And hospitality doesn’t always have to mean opening your home, it can also mean opening your front porch, your backyard, your campfire, your local park’s picnic table, or a corner in a local restaurant. Be creative!!! It might mean packing a basket and heading out for your neighbor’s home or campfire, and receiving that which is offered with thankfulness and grace. Biblical hospitality can happen in any place that allows you to open your heart and lives to others. And through these simple acts, God is glorified.
2) Fit it in with what you are already doing. One thing that we enjoy doing is combining hospitality with whatever we are learning in school or church. For example, the year we read the Laura Ingalls Wilder’s Little House Books, we would have dinner at the end of each book, dress up and eat whatever they would have eaten in that particular book and invite another family over to join us. We did the same with a Medieval Feast when studying the Middle Ages, and Passover when studying the Exodus. We’ve had Swamp Fox Parties, Daniel Boone and Davy Crockett dinners and we’ve included believers and unbelievers.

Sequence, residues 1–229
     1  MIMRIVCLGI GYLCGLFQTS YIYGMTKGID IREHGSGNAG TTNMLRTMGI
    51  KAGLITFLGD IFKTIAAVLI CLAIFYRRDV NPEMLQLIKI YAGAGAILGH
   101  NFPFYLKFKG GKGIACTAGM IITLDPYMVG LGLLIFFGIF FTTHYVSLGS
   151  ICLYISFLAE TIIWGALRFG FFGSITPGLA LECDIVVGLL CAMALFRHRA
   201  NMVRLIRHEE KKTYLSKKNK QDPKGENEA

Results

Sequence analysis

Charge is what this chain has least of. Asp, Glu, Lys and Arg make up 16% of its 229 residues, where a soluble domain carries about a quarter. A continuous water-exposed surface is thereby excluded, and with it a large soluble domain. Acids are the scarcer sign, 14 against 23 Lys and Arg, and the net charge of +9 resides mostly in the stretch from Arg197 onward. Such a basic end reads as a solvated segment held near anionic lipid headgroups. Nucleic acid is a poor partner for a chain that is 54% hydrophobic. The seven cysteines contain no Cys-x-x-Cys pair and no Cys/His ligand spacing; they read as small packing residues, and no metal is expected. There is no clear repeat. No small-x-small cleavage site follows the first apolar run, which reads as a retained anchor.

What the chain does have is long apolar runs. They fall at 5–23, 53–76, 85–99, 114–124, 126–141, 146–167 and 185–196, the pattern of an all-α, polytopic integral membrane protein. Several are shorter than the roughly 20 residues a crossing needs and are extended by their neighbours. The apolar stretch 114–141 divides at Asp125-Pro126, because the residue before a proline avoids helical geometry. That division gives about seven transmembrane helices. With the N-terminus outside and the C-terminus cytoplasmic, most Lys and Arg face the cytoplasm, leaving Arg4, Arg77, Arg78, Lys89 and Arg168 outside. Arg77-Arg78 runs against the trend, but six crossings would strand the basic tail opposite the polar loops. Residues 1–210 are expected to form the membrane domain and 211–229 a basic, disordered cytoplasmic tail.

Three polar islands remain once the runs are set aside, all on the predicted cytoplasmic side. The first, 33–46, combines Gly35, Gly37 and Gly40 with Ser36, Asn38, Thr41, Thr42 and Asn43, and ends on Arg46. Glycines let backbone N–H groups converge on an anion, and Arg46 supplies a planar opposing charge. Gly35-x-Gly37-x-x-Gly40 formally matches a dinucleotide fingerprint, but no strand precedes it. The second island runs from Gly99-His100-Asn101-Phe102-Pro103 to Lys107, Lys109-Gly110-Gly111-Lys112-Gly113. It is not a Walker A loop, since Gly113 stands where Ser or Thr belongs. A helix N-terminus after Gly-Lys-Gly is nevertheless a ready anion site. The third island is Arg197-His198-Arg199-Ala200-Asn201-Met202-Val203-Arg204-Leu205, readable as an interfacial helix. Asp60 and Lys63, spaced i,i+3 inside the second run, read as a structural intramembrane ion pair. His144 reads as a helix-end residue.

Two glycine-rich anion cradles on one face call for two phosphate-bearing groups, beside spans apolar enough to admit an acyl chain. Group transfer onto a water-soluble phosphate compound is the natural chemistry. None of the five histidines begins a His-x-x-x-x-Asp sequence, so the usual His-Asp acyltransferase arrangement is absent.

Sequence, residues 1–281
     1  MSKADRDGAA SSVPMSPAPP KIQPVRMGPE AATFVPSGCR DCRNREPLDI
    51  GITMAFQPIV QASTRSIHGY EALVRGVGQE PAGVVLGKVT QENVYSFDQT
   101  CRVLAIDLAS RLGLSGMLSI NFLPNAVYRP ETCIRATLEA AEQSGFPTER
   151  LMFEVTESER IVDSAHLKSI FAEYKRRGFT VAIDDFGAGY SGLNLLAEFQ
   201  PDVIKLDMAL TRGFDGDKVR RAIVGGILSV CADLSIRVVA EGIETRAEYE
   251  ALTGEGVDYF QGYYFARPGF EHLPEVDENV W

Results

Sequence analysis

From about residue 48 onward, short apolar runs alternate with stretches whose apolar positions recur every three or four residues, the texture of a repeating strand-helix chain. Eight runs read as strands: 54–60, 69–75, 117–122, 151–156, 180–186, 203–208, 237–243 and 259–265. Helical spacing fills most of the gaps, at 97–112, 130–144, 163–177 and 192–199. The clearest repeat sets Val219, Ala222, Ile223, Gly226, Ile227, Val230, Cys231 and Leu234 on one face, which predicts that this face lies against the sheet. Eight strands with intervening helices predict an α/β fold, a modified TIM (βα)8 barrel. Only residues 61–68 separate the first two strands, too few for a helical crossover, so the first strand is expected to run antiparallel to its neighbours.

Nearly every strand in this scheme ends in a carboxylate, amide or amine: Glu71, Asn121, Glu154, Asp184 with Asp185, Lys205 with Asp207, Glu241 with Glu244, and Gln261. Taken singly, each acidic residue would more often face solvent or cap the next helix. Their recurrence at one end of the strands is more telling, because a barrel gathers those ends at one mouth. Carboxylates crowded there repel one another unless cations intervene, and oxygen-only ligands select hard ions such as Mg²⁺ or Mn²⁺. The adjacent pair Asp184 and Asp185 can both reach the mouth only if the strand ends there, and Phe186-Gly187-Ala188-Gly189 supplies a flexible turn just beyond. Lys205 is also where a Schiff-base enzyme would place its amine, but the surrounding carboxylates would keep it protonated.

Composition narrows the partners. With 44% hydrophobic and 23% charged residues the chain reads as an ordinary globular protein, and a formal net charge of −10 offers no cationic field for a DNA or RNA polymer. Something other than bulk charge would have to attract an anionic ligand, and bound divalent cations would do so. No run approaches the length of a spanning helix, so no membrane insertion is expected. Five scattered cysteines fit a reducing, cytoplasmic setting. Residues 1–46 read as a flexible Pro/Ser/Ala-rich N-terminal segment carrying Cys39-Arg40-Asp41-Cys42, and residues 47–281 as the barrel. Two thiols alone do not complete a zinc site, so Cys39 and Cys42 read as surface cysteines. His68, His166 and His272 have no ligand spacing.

3) Be grace oriented. In sharing our vision for A Candle in the Window Hospitality Network, we like to stress that despite our many differences, as brothers and sisters in Christ, we are one. Be gracious when your host or guests do things a little differently than you do. Consider hospitality, especially to “Christian” strangers to be a little taste of heaven where we will join the throngs from every tribe and nation throughout the ages. Each unique, but all one, in Christ alone.